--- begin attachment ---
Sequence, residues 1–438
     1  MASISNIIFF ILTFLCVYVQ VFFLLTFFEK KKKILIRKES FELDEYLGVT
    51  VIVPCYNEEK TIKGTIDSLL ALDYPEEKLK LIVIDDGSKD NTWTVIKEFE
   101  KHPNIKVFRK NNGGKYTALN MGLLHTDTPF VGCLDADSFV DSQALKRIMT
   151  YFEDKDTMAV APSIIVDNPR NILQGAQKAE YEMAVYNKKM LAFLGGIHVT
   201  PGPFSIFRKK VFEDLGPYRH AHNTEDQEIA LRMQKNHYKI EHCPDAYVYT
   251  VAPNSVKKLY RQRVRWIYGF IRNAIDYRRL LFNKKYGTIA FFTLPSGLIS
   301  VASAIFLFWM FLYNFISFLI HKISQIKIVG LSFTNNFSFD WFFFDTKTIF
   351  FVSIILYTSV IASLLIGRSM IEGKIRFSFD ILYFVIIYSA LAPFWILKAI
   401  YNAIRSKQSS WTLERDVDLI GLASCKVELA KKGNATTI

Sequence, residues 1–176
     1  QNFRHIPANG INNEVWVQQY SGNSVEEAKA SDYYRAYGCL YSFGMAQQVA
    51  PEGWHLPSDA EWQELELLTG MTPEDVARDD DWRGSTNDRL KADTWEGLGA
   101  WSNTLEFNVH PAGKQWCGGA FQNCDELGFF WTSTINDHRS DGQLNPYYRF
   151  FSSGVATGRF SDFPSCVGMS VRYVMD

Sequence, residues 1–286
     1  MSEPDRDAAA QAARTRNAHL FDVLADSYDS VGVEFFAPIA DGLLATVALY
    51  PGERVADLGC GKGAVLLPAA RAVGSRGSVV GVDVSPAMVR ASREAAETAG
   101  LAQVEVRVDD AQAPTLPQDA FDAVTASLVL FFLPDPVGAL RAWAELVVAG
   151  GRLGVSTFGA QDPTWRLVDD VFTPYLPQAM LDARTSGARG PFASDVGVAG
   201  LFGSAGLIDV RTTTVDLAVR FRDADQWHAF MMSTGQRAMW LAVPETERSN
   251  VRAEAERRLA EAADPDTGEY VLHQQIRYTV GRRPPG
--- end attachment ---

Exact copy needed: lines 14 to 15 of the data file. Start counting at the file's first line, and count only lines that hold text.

   101  WSNTLEFNVH PAGKQWCGGA FQNCDELGFF WTSTINDHRS DGQLNPYYRF
   151  FSSGVATGRF SDFPSCVGMS VRYVMD